Designing with and planting spring blooming bulbs
Fall planted bulbs have arrived in Wisconsin garden centers, bringing dreams of spectacular spring color to gardeners across the state. Planting tulips, daffodils, hyacinths, allium and more in the cool autumn soil is a tradition for many Wisconsin gardeners, promising a stunning and breathtaking show of color once winter's snow have melted away.
What we labor to plant now in fall rewards us with many weeks of color beginning in March and lasting through June. With proper planning and selection, it's possible to extend the spring blooming season for several months.
Most fall planted bulbs are best planted in masses and swaths of color for a huge impact. Avoid planting in single rows unless you are seeking an intentional, formal and sparse look.
A fun way to plant fall bulbs is to layer them in a single large hole. Layering means planting bulbs of different varieties in the same hole, but at different depths. For example, plant large allium deeply, then cover with an inch or two of soil, followed by a layer of daffodil bulbs. Cover those with soil, then add a fringe of grape hyacinths or crocus to complete the layered planting. The result is an ongoing bouquet of bloom and complementing foliage that last for weeks during the spring season.
As a general rule, fall planted bulbs should be planted with the pointed side facing up. Planting depth should be about 2 to 3 times as deep as the bulb is in size. Generally, this means larger bulbs should be planted 6 to 8 inches deep, while smaller bulbs should be planted 2 to 4 inches into the soil.
Fall planted bulbs include many that come as a surprise to gardeners. Here are several of my favorites.
Many gardeners purchase potted allium from garden centers in spring and summer, unaware that these are actually inexpensive, fall planted bulbs during the autumn season. You'll get a much bigger bang for your buck waiting for bulbs to plant in masses, rather than single potted plants.
You will also find a much better selection during the fall bulb season. There are dozens of varieties of large allium offered for sale at most garden centers. These range from giant, basketball sized blooms to miniature varieties perfect for borders and rock gardens. There are also the incredible and unusual hair alliums that bloom in maroon and green with wild, hair like growths.
These garden giants that grow 3 to 4 feet in height feature a pineapple like crown of foliage at the tip of a thick stalk. Beneath the crown, masses of large, bell shaped flowers in red, yellow or orange are displayed. A spectacular specimen plant, its mild, skunk like odor is effective at deterring rabbits and deer from the spring garden.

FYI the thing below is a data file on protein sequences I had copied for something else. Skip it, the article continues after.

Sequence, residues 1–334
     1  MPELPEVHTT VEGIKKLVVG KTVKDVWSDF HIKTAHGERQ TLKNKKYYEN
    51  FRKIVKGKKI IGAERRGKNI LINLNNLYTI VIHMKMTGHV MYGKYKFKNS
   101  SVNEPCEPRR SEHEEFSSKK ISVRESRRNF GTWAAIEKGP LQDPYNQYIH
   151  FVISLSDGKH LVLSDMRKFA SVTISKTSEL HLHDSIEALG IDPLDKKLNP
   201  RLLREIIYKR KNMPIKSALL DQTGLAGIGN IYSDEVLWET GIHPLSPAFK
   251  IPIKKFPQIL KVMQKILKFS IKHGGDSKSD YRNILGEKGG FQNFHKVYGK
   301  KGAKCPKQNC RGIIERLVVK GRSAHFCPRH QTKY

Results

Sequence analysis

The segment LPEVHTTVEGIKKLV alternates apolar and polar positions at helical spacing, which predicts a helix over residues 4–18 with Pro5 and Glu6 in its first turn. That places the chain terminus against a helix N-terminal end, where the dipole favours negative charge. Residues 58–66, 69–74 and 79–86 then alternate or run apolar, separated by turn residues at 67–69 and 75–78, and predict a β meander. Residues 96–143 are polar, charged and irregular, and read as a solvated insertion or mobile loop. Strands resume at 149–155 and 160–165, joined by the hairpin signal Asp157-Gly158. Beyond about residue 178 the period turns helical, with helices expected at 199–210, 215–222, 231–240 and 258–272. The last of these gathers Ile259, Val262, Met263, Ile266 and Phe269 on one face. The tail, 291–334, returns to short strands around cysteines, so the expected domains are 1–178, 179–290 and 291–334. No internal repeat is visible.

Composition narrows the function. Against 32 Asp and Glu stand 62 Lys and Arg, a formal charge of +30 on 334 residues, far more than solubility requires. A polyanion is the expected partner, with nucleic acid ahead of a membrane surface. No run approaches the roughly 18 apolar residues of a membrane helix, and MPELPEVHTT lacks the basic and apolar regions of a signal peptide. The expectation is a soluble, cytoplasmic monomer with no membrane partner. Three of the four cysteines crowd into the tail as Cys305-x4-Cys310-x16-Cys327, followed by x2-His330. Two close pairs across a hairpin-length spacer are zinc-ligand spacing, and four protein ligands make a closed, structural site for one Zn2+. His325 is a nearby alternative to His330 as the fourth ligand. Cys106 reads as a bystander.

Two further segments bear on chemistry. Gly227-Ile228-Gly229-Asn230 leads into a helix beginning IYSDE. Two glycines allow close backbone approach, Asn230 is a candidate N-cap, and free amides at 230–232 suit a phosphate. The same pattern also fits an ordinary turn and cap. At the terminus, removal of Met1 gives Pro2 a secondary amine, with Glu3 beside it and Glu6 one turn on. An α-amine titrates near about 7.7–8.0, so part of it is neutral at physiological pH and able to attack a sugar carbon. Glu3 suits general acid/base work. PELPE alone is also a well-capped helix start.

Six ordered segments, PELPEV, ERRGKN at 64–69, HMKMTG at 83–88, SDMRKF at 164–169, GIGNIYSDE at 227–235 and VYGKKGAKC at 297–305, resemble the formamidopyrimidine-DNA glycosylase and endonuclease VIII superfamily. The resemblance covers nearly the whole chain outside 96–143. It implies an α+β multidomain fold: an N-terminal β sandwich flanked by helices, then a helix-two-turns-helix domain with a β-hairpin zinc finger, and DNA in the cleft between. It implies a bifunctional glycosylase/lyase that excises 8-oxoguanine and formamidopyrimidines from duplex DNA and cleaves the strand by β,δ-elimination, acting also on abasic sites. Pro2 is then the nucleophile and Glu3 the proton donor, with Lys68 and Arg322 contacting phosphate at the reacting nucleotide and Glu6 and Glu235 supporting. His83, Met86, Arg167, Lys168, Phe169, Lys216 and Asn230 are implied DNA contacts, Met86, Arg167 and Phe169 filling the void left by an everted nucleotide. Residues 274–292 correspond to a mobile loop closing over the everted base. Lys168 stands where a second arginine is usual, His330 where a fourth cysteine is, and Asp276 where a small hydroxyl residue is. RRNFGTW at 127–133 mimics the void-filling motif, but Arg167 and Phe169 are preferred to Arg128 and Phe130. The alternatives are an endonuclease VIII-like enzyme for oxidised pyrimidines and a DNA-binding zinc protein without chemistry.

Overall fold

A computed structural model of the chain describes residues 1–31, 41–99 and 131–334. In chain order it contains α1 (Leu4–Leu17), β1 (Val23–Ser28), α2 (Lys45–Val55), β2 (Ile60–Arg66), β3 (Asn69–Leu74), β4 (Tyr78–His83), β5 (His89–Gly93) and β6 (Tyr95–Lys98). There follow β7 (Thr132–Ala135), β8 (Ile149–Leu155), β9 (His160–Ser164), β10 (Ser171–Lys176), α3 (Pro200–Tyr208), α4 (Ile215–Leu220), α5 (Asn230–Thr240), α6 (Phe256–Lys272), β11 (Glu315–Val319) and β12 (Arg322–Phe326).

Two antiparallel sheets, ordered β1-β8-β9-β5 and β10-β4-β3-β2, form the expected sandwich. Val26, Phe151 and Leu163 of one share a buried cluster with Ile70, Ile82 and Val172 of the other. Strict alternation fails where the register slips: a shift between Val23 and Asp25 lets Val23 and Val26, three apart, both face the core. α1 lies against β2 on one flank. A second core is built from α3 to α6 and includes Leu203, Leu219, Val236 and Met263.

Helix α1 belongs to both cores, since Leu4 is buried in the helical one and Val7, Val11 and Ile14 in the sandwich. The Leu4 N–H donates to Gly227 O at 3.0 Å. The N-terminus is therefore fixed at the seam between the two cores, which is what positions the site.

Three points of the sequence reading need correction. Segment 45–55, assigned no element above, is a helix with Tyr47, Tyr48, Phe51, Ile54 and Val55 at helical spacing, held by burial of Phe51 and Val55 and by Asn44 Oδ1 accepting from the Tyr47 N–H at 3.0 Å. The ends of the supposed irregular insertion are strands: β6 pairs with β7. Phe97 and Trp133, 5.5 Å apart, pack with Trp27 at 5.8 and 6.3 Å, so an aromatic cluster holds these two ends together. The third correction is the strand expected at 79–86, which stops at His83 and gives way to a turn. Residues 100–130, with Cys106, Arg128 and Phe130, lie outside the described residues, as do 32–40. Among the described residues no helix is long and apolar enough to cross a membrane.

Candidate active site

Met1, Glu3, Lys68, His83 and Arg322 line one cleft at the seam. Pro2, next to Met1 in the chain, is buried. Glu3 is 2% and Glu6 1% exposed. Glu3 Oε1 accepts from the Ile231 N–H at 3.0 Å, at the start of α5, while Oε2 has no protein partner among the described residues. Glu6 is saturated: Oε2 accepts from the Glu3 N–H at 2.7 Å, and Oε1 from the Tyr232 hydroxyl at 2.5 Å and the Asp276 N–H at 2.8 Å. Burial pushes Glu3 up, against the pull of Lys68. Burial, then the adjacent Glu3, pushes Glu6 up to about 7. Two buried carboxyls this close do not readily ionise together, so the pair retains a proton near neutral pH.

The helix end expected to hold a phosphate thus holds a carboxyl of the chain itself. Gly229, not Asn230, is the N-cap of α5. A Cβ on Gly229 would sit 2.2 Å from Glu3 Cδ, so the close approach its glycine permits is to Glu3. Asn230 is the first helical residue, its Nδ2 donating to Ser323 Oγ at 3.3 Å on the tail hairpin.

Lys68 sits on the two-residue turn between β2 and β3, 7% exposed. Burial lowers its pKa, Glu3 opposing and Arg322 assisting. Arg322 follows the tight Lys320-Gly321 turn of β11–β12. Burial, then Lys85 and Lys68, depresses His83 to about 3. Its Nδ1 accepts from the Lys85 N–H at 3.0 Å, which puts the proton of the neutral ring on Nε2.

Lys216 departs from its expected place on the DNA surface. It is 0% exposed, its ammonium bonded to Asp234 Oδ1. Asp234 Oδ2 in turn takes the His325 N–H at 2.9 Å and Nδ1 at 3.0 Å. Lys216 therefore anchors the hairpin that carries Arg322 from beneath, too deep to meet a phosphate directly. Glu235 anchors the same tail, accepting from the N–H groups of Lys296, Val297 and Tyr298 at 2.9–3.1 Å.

The favorite of many gardeners, tulips come in an endless array of shapes, colors and sizes. Select a variety of tulips with different bloom seasons to extend the color from April into June. Tulips are divided into bloom seasons, normally indicated on the package. You will find early tulips, mid season tulips as well as late season bloomers.
There are many varieties to choose from. Some of my favorites are the double flowering, or peony flowering tulips, as well as the lily flowering tulips that resemble blooming lilies with their long, pointed petals.
Another traditional favorite, daffodils come in much more than classic yellow. Extend your daffodil dreams by including daffodils in pink, green, orange and bi-colored blooms that will become the centerpiece of the spring bloom season.
The old fashioned Dutch hyacinths are among the most fragrant plants in the garden, with spikes of densely packed blooms emitting a rich scent throughout their bloom season. Hyacinths come in many colors including pastels, as well as rich, deep blue, purple, pink, white, orange and more.
Unusual in that this fall planted bulb blooms just two weeks after planting, autumn crocus features massive blooms that may reach 4 to 6 inches across and come in mostly double flowering forms. Resembling spring blooming crocus, only much larger, the bulbs bloom quickly once planted in the soil.
Several types of irises are planted in the fall, including bulb form irises, as well as the traditional rhizomes of bearded iris, both miniature and tall. Bulb irises, often dwarf, are among the earliest blooming bulbs in the spring, emerging in March and April. Dwarf bearded iris and tall bearded iris are planted at the soil surface, blooming beginning in May and lasting into June.